In fact, the Golden Arrow is Lake Placid’s only green hotel and one of only a few hotels in the nation to receive Audubon International’s Platinum Five Leaf Eco-Rating. The hotel even rewards its guests who travel green with VIP parking for hybrid vehicles and a green gift bag for those travelers who arrive by foot, bicycle, cross country ski, or hybrid.
In fact, Chef David Hunt of Generations, the hotel's fine dining restaurant (that is to say it is casual in atmosphere but the menu and preparations are appropriate for a fine dining restaurant), actually grows herbs on the green roof (late spring chive omelets and such), as the seasons allow.
Hunt, a Lake Placid native with 30 years experience as a chef, is a leader in the "farm to fork" movement. He prepared the meal for and hosted the premiere party for PBS’s documentary called “Small Farm Rising.” Under his leadership, Generations is a member of the Green Restaurant Association, and has partnered with Adirondack Harvest to serve farm fresh and local organic food.
We get to experience Generations for ourselves at dinner.
A backroom has a stunning view overlooking Mirror Lake, the main room has a fireplace and lots of wood, and is lit in such a way to be casual and comfortable for families, relaxing after a day outside.
The menu, preparation and presentation are absolutely four-star, fitting for the fine dining restaurants of the best resorts. Chef Hunt, who is a Lake Placid native, offers some wonderful surprises in flavor combinations, textures, presentations. And the menu is surprisingly varied, with depth as well as breadth. (His sous chef Ed Dayelle is from Long Island.)
Since the Golden Arrow is so “green” he bases his menu each season on what is fresh and available from local farms. Fledging Crow Farm in Keeseville, NY, has set aside a section of their farm where they grow vegetables strictly for Chef Dave and Generations. Bison, a favorite of the chef, comes from the Edgley Farm right in Lake Placid.
The menu also features goat cheese from Asgard farm, a black Angus burger from the Kilcoyne Farm and local maple syrup.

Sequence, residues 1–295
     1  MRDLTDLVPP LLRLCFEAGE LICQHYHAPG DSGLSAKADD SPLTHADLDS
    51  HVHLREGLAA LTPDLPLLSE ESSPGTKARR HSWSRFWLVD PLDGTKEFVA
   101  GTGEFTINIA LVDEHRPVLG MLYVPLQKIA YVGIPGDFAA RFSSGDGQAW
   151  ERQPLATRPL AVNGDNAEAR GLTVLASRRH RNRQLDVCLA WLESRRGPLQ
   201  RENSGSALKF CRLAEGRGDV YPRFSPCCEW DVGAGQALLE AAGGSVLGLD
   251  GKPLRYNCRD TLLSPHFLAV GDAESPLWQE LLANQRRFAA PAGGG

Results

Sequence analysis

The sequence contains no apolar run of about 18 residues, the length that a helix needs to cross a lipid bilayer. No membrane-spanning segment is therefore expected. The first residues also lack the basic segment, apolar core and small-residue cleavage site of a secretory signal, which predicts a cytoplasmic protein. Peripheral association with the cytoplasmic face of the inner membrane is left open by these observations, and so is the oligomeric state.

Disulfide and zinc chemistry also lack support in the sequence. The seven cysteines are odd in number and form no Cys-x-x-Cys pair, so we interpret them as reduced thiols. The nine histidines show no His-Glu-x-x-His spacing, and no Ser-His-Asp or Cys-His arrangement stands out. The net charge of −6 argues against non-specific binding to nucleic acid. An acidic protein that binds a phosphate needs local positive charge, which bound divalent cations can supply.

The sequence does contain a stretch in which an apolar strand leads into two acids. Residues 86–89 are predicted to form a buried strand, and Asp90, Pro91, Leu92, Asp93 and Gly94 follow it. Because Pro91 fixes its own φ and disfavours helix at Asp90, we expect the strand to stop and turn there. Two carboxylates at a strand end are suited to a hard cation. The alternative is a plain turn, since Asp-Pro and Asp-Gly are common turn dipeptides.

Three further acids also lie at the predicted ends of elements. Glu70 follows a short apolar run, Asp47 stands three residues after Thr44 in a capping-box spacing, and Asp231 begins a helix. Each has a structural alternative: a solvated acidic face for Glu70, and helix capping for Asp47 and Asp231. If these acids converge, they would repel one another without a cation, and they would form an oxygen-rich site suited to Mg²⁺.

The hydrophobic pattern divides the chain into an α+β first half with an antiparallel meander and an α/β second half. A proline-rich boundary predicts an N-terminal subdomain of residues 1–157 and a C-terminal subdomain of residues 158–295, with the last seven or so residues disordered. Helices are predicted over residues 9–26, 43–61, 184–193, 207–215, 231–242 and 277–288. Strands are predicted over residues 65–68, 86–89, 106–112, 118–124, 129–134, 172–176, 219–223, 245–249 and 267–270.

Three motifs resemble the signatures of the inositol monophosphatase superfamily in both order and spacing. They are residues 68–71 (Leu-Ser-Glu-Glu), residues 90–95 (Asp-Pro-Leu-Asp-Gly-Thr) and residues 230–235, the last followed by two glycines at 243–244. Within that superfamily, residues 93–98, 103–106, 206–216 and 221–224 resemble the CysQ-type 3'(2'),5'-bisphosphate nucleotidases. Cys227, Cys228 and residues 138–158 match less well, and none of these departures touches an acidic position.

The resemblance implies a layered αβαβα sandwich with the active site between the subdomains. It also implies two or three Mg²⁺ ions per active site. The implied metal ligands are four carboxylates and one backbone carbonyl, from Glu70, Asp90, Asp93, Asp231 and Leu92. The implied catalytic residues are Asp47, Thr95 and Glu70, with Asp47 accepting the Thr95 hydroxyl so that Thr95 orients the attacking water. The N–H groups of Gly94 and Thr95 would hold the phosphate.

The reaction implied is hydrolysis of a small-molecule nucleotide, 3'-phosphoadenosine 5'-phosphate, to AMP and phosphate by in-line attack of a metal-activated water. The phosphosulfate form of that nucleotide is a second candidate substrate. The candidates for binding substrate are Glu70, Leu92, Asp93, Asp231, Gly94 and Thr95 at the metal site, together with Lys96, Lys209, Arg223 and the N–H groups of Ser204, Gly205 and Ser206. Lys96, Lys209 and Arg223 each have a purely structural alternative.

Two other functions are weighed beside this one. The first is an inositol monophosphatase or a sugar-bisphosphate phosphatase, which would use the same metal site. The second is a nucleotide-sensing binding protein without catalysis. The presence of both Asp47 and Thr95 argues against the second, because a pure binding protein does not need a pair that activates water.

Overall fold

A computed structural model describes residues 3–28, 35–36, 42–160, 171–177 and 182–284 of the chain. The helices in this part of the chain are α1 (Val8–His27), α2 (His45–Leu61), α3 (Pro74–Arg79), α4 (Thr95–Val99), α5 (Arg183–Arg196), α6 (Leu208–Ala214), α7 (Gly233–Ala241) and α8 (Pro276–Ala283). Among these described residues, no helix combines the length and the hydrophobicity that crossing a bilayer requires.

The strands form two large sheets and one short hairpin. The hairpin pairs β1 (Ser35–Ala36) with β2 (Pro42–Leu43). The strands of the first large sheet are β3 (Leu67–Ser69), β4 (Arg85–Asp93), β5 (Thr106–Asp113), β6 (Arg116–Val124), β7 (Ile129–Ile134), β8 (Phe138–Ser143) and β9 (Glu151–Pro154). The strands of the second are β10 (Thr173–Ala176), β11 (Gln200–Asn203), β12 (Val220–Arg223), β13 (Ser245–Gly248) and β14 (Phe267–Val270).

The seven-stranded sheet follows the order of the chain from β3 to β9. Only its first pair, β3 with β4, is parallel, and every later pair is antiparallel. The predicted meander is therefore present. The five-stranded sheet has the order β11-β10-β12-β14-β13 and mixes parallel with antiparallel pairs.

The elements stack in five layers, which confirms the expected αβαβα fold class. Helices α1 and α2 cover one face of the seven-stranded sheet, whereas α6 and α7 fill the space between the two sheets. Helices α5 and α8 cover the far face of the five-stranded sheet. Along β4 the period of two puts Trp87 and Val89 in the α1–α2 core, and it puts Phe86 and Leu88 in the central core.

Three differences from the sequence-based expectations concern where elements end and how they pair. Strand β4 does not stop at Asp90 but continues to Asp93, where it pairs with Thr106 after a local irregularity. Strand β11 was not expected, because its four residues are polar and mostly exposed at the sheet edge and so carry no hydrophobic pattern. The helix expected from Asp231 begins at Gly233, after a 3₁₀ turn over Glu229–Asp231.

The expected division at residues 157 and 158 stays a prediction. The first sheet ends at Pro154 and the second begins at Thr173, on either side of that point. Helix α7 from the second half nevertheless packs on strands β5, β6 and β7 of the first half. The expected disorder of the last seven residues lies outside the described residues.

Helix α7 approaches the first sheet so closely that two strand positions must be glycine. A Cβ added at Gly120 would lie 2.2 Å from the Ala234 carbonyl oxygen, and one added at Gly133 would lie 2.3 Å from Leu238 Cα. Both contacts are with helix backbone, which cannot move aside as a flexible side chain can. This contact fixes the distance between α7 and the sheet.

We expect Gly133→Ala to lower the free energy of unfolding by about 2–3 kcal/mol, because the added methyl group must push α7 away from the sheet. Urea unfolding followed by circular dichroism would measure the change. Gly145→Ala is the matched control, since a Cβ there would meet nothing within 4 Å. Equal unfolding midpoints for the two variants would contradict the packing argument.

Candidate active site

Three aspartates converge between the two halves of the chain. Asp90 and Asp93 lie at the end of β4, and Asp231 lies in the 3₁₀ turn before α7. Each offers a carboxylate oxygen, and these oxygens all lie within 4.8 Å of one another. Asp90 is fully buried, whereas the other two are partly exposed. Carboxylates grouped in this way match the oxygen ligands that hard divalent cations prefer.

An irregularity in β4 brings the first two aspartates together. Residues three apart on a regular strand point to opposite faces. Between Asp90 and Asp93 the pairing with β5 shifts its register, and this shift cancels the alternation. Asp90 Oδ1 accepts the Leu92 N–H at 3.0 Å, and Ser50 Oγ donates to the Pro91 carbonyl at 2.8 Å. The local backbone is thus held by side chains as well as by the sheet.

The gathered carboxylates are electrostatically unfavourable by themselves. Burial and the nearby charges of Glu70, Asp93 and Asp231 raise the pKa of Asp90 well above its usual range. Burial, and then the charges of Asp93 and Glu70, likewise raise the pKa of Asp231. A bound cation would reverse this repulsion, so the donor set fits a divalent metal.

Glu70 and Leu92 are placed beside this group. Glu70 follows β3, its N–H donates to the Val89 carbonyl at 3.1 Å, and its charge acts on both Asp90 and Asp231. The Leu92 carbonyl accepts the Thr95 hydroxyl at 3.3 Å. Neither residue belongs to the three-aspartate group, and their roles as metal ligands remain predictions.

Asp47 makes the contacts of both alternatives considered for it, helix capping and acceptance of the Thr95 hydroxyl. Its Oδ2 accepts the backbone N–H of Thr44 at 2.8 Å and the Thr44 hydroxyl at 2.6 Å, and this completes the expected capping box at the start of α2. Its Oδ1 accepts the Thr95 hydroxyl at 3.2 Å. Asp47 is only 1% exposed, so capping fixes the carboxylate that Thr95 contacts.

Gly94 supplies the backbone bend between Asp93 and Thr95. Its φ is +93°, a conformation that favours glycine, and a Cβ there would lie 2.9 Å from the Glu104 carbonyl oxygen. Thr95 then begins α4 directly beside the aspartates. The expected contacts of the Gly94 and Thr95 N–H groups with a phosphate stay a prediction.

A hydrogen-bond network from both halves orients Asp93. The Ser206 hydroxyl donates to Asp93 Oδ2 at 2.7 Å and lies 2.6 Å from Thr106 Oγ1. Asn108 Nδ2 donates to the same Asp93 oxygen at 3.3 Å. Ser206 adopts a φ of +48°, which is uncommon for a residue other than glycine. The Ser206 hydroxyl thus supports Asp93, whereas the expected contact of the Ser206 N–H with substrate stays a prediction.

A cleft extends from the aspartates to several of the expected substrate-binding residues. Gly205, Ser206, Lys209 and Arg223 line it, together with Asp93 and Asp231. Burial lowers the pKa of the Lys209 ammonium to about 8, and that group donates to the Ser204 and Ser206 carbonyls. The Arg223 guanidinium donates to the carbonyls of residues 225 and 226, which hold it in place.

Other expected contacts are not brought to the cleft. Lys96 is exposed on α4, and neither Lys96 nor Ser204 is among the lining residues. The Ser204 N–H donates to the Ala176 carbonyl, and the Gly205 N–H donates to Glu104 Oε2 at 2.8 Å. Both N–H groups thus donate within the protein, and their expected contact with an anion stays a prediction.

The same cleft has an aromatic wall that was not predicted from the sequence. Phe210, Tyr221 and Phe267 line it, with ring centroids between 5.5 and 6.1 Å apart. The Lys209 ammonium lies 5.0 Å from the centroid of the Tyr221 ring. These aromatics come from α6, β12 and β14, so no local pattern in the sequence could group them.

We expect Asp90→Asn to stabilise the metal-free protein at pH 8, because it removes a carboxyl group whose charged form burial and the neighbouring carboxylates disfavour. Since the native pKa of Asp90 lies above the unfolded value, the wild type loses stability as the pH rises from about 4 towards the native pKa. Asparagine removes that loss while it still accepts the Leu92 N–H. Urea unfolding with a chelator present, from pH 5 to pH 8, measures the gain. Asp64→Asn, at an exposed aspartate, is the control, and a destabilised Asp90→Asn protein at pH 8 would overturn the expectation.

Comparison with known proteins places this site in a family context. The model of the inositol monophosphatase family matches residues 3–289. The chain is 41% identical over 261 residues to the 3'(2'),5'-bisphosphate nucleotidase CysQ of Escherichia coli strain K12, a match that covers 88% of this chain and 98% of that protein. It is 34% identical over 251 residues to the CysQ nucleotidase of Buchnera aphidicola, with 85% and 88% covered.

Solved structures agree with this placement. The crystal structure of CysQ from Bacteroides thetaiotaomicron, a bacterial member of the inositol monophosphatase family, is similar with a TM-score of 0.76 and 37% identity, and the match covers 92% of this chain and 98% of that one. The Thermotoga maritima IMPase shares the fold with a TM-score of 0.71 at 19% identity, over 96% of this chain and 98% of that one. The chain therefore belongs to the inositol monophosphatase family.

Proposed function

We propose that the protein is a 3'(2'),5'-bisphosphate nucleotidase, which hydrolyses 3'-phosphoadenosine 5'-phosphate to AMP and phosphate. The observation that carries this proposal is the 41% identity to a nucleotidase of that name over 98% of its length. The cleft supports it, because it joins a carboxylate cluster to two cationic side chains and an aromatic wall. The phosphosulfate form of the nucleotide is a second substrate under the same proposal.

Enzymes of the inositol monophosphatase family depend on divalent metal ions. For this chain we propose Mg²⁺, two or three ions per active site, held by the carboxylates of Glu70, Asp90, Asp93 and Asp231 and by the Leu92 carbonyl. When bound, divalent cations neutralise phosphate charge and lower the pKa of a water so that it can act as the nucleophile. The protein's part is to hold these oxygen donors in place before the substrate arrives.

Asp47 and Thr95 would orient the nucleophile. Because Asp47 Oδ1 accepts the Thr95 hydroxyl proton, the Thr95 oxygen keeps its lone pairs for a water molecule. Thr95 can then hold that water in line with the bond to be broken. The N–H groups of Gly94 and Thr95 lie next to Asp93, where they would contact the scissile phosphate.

Adirondack trout filet is on the menu, which is truly Adirondack trout when it is fresh in season, but in winter, the trout is brought in; it is sauteed with seasoned cornmeal, and finished with white wine and lemon butter ($17).
We start with a fabulous clam chowder done with bacon so has a smokey flavor and a French onion soup served with incredibly thick layer of cheese – wonderfully done. and three different kinds of caramelized onions.
The New York Strip Loin ($21 for 9 oz, $26 for 12 oz) was scrumptious and perfectly prepared.
The hot rolls are organic and delectable, with an amazing texture and flavor.
Desserts are amazing – a pumpkin cheesecake (to die for), a chocolate ganache.
Generations is a restaurant where families can feel comfortable and relax after a day on the slopes, and yet enjoy a meal to satisfy a gourmet at the fussiest restaurant at Beaver Creek. Notably, the prices are moderate (even low for a hotel), the portions are large, the quality is amazing.
Generations also serves breakfast and lunch, so we return in the morning for breakfast. Again, there is an extensive and imaginative menu - portions are large (surprising because of the quality of the food and moderate prices), presentation is extremely pleasing. My three-egg omelette with cheese and spinach is sensational; there are delightful selections like Cinnamon Brioche French toast, $9. If you have a major appetite, go for the Golden Arrow Mountaineer: 6 oz strip steak, 2 eggs, 2 buttermilk pancakes.
Generations, 2559 Main Street, Lake Placid, NY 12946, 518-837-5052, 800-582-5540, www.golden-arrow.com/the-resort/dining.
The eco-friendly focus of the Golden Arrow is on the leading edge of environmentally conscious design, alternative energy sources and in-house waste reduction and yet, offers the cozy comfort of an old-world Bavarian style retreat.
In this day and age, it is remarkable that it has remained independent and family owned, with three generations of the Holderied family involved in its operations
Winfried and Stefanie Holderied came from Germany, settled first in New York City, then relocated to Lake Placid in the early 1960s. When they bought the Golden Arrow Motor Inn in 1974 it had just 36 rooms, but the Holderied’s first massive renovation transformed the space with additional floors and a vastly different layout. As the resort expanded, so did the Holderied family. By 1979, Winfried and Stefanie had four children – Christl, Peter, Heidi and Jenny.